On Back Pain
Something happened to me six months ago that changed my life forever, but I’ve waited this long to write about it because I had to be sure it would last: my back doesn’t hurt anymore.
I’ve had back pain most of the time, sometimes better, sometimes worse, ever since a 2014 weightlifting injury. A poorly conceived sideways lifting motion led to a morning of soreness that sort of never went away, instead transforming into aches and shooting pains and an inability to bend over or sit in a chair for very long.
That’s seven years of believing I was stuck with what was essentially a light disability. Seven years of avoiding backless benches, barely being able to drive, changing out the handlebars on my bike to be able to sit upright, brushing my teeth so as not to lean over the sink too far, always bending at the knees to pick up anything, working at a standing desk, only ever using a couch in a fully reclined position. Seven years of physical therapy, yoga, chiropractors, famous back doctors, acupuncture, heated blankets, numbing pads, numbing cream, and ibuprofen.
Six months ago I read two books about back pain, and now I have a full range of motion without any interventions, medications, or alterations of movement patterns. One of the books was totally brilliant and interesting and helpful but utterly wrong, and the other was unnecessarily long, kind of crazy, but completely life-changing.
The two books
Two Competing Theories
Back Mechanic is written by a brilliant doctor and back expert named Stuart McGill. What’s great about this book is how deeply it tries to help you diagnose and understand exactly what’s going on with your back (kind of as you’d expect, given the title). It helped me conclude that I had a herniated disk. What Dr McGill teaches in such cases is that it takes a very long time for the back to heal but that, even worse, any motions that further push out your disk can actually reset your healing.
The theory of the Back Mechanic is that you need to completely retrain your movement patterns to never make any painful motions, in order to leave your spine alone for a lengthy (sometimes multi-year) healing process.
I went through the exercises in the book and devoured every word. I was, at that point six months ago, completely fed up with my (actually worsening) back pain, and I was willing to try anything. The prospect of retraining my every daily movement and avoiding any stressors on my back for two full years seemed entirely worthwhile if it meant an eventual return to normal. I would have embarked on that journey, too, if I hadn’t then come across a different book with a very different solution.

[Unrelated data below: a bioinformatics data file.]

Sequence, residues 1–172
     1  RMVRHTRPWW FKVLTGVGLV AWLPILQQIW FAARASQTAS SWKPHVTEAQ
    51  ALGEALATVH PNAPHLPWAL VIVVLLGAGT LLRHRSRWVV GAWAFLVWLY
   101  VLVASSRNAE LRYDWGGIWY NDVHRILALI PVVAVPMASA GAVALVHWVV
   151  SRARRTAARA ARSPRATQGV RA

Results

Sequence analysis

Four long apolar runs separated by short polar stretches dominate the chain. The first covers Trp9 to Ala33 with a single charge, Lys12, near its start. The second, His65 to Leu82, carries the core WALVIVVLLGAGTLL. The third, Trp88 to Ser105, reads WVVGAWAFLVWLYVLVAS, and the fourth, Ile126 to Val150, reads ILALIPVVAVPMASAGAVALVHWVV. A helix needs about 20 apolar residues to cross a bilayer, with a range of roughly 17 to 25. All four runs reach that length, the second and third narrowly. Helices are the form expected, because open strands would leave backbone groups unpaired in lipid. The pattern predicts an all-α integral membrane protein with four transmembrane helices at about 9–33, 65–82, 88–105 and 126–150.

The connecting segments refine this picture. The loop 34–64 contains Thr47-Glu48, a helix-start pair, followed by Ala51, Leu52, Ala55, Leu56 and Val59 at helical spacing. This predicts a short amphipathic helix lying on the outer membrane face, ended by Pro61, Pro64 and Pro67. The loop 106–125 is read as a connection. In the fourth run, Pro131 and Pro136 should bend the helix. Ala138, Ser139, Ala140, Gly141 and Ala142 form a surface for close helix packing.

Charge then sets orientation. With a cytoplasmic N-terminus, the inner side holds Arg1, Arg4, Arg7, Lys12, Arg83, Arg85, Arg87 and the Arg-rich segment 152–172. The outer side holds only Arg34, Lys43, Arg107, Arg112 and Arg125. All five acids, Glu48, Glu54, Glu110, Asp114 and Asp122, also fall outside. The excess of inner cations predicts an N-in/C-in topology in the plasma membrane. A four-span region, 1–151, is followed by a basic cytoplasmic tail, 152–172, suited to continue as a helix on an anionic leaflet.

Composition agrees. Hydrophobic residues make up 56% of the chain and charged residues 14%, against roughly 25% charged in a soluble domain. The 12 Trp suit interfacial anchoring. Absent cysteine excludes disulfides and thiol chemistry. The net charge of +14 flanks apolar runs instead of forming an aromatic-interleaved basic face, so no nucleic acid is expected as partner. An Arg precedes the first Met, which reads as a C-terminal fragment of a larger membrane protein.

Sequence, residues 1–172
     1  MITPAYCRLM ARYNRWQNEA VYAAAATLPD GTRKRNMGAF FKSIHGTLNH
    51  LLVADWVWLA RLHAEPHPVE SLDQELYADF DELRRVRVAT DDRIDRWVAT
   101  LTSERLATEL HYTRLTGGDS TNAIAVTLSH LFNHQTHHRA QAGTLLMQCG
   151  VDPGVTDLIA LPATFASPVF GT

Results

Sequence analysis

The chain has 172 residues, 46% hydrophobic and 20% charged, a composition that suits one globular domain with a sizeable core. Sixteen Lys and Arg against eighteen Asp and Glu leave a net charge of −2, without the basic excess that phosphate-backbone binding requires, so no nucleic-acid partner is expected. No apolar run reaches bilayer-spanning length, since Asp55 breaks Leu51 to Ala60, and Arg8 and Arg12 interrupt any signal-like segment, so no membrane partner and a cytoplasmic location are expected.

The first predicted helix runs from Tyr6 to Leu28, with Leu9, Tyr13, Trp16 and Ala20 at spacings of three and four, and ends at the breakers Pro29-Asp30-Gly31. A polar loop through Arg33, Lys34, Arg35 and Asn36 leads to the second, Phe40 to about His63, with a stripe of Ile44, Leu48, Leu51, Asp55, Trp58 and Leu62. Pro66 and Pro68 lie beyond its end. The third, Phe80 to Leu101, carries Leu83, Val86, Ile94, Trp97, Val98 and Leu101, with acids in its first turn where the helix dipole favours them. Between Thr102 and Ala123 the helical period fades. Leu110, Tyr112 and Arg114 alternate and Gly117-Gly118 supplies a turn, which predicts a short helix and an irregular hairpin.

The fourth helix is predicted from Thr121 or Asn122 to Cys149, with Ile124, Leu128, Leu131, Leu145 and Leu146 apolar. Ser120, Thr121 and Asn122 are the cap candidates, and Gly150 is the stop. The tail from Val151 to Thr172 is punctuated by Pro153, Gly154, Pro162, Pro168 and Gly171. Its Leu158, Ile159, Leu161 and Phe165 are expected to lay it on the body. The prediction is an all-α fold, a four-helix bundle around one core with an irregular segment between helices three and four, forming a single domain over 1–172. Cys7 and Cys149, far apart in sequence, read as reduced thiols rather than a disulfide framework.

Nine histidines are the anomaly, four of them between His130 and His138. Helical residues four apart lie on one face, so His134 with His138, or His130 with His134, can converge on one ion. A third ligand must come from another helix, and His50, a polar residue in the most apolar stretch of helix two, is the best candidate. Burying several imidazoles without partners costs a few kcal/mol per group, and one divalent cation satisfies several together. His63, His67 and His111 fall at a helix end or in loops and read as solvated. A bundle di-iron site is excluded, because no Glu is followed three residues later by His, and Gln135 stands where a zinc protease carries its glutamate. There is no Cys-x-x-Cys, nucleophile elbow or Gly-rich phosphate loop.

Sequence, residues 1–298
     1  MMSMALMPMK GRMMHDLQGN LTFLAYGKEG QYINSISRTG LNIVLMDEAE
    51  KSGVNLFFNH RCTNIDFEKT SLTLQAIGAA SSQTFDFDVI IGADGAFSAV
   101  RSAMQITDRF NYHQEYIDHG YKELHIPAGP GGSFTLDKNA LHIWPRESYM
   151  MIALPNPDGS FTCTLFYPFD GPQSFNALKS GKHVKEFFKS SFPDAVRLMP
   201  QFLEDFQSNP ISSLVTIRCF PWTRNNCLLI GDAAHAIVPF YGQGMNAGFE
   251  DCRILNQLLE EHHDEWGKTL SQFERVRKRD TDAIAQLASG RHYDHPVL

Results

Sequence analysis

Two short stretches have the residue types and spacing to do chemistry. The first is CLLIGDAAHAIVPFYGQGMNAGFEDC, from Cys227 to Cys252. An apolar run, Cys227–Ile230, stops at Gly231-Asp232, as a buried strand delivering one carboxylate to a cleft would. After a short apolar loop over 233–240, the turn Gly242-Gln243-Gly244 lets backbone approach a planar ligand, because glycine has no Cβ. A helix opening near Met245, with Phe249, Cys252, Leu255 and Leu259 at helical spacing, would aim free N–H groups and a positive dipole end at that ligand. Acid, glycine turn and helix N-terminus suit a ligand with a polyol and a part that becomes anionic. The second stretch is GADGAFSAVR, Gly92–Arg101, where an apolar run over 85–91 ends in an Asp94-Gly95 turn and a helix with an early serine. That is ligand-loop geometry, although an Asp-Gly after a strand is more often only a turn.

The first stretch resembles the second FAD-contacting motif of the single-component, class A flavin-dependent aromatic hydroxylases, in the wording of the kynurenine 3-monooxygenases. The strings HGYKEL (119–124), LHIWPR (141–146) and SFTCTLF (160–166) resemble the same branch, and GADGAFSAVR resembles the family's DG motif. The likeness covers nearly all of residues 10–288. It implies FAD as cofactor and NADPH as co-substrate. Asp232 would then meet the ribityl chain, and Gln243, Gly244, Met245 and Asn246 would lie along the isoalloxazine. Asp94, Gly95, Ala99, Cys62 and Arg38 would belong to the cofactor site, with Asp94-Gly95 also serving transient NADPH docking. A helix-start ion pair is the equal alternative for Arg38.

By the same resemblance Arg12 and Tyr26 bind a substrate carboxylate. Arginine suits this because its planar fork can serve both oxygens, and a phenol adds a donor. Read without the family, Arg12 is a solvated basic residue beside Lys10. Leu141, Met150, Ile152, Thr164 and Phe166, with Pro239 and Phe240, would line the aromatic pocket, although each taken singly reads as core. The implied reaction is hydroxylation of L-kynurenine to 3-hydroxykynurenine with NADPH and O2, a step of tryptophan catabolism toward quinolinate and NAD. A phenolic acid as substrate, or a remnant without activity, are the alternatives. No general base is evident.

Healing Back Pain was written by another brilliant doctor and back expert, the now-deceased John E. Sarno. But the two doctors’ theories couldn’t be more different.
The theory of Healing Back Pain is that chronic back pain, once you’ve gotten past the initial injury stage, is a learned neural condition that can be unlearned with sufficient intention.
Sounds pretty weird and/or made up, yes? But this is what actually healed me.
Tension Myoneural Syndrome
The moment I started to truly believe Sarno was when I read in his book that chronic back pain, for the majority of injuries, just doesn’t make sense from a physical perspective. He claimed that the body is pretty good at healing, and especially at healing essential functions. So why, he asked, would we expect it to take years to heal the spine? He said that if your back hurt from an injury sustained years earlier, there was a good chance you had already healed, and your current pain was no longer from the injury.
Dr. Sarno calls this TMS: Tension Myoneural Syndrome. My lay understanding is that for whatever reason, we learn to associate feelings of movement in the affected site with feelings of pain. For months after the injury, we felt actual pain when we moved the affected area, so we learned to flinch away from that sensation, and fear it. We burned those reactions into our muscle memory. And then, forever after, we continue to flinch and fear sensations in that area, even though the tissue has healed. This fear reaction essentially trains our brain to expect pain, and thus we associate movement in the back with pain, and feel actual pain.
Dr. Sarno is careful to reiterate throughout that what the patient feels is, indeed, actual pain. And I think he’s right - pain is experienced in the mind, and regardless of what is causing it, the sensation of that pain is real to the person experiencing it. So the healing moment for me was literally as I was reading this book - Dr. Sarno writes that you can accept the pain and understand that it won’t get worse. You can make the motions you’ve been avoiding, even if they feel painful, because that doesn’t mean you’re actually damaging yourself further. That was it - it was at that moment that I was healed from my seven year malady, and I didn’t even know it yet. But he was (at least for me) completely right.